What worries me and what should worry the Government- but that is not the point; it should worry the Australian people- is that the Aborigines in the north of Australia, whether they be in Western Australia or in the Northern Territory, are being debauched by a flood of money which they cannot sustain. We are ruining the people and sending them down to degradation. This is happening. It is not my letter from which I have quoted; this is a letter written officially by the council of Aborigines at Oenpelli. It has been widely circulated by them. I take this opportunity to seek leave to have the whole letter incorporated in Hansard.
-Is leave granted? There being no objection, leave is granted. (The document read as follows)-
Oenpelli Council, Community Service Bag No. 6, via Darwin, 5791. 4 September 1975
Mr W. Wentworth,M.P., House of Representatives, Parliament House, CANBERRA, A.C.T. 2600.
Dear Mr Wentworth,
I would like to draw your attention to a serious situation, and one that is going to get worse, at Oenpelli in regard to drunkenness. You will no doubt be aware of the past history, so I will only mention recent events.
With the drying up of the road since last June there has been a growing problem with alcoholic drink. For almost a week after each pay day (Wednesday) the Station almost comes to a halt, reaching a peak usually on Fridays and Saturdays.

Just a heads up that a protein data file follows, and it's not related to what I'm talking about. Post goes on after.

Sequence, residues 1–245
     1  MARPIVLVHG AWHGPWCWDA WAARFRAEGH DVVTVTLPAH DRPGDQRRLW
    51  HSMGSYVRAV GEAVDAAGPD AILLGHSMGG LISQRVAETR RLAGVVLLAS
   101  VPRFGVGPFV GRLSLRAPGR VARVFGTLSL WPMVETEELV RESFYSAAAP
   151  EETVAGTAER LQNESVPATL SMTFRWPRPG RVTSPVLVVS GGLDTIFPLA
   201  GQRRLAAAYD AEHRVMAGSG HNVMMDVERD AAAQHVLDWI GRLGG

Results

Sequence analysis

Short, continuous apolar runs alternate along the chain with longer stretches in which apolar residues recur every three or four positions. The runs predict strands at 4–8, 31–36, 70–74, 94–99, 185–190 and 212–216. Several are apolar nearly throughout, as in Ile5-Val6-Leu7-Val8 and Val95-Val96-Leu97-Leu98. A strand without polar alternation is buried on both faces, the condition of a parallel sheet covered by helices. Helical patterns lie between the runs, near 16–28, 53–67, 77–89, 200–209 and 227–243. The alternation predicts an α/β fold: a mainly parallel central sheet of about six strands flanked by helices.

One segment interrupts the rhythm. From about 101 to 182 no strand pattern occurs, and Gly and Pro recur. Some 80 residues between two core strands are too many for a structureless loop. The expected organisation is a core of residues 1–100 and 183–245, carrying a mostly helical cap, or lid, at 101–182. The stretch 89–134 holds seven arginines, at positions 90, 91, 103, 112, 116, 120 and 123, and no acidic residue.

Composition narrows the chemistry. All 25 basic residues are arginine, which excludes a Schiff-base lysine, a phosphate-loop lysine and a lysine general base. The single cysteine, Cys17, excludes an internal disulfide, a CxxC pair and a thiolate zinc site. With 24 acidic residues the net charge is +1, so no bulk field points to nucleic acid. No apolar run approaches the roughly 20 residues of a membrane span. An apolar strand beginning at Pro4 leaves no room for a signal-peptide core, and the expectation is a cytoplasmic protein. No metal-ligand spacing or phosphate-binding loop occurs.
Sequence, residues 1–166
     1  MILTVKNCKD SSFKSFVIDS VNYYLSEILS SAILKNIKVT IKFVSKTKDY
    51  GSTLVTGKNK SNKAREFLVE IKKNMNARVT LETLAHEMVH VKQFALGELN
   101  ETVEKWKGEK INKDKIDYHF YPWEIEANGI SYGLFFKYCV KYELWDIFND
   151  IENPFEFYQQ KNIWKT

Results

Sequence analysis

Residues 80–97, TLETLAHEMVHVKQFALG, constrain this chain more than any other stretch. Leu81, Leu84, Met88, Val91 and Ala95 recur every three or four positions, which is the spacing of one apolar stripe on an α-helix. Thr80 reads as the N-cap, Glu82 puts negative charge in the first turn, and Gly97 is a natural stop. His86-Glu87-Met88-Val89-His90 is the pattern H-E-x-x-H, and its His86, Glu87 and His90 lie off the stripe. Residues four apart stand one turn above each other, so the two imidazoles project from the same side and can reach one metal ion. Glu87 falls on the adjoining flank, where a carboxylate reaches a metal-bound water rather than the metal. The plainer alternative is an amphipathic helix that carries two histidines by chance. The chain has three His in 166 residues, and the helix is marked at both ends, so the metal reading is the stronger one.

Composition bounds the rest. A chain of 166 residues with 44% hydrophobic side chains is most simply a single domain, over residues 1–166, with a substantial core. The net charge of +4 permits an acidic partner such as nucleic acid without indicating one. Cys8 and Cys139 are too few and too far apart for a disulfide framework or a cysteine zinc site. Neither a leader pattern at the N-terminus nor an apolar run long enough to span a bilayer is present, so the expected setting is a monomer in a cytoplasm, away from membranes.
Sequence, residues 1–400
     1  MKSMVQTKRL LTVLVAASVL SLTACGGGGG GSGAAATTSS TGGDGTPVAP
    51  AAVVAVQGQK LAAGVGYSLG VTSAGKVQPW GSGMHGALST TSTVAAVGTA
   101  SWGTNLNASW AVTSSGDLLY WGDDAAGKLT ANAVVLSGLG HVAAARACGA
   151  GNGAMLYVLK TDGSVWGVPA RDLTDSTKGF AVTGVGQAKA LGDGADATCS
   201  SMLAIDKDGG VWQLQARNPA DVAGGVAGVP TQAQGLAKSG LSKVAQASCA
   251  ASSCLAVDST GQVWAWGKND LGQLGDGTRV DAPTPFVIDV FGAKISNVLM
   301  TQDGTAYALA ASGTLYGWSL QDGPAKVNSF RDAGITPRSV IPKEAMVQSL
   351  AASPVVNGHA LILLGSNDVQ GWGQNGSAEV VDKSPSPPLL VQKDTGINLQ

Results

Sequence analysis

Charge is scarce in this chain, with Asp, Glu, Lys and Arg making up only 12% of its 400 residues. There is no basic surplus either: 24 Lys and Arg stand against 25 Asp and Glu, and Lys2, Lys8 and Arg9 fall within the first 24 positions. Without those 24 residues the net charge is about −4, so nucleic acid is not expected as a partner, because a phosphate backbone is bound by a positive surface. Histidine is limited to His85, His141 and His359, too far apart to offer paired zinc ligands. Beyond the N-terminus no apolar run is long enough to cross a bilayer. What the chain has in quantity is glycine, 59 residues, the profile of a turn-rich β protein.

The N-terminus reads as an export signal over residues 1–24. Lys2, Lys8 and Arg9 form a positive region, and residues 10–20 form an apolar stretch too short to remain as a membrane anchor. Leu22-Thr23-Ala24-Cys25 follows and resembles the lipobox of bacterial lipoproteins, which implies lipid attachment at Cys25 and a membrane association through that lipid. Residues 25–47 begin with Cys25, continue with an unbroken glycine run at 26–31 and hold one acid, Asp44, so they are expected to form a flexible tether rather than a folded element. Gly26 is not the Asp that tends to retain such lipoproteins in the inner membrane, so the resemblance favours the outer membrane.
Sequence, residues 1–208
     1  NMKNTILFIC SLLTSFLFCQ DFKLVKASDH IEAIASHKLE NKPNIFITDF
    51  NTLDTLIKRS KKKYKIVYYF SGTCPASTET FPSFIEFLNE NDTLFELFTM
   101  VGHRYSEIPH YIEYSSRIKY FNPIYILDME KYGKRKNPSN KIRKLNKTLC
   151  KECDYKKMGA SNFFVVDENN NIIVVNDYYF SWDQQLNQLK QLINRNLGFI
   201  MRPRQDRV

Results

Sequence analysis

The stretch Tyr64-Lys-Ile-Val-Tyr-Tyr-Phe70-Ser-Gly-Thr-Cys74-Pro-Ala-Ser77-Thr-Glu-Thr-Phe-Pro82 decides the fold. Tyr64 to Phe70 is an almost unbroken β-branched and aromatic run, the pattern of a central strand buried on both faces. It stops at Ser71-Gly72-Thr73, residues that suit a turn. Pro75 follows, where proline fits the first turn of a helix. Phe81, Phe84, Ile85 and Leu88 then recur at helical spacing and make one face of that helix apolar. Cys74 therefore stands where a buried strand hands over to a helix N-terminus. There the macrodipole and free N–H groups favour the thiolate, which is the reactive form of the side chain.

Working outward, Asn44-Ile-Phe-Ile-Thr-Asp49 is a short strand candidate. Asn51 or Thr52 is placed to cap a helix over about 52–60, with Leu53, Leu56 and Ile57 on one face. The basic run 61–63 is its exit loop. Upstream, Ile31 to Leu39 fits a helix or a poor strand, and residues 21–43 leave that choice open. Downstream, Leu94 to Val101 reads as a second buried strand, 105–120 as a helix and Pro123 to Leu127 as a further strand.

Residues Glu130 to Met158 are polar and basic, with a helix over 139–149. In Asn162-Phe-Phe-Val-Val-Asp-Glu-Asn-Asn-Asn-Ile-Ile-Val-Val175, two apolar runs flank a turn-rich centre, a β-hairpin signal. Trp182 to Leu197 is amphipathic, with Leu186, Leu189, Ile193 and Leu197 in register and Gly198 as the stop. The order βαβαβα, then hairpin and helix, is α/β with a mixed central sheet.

Previous letters have been written to, the then, Minister for Aboriginal Affairs- Mr Kavenagh the Minister for Police and Customs, and the Minister for Environment (who was approached through the House of Representatives Standing Committee on Aboriginal Affairs) because the main source of liquor comes from the East Alligator River ‘ Border Store ‘, which is within the proposed Kakadu National Park. Early this year (April) two Aboriginal people from Oenpelli, Mr Jacob Nayinggul (Vice Chairman of the Oenpelli Council) and Mr Bobby Nganjmirra went to Canberra and had discussions with Mr Kavenagh, Mr Wentworth, Mr Hunt, Mr
Calder and other members of Parliament. One of Oenpelli ‘s European staff, who is temporarily resident in Canberra- Mr Peter Carroll, accompanied them. The troubles associated with the ‘Border Store’ were explained and statements were made to the press of their discussions which centred on the need to have the liquor permit of the ‘Border Store ‘ revoked. This has not happened!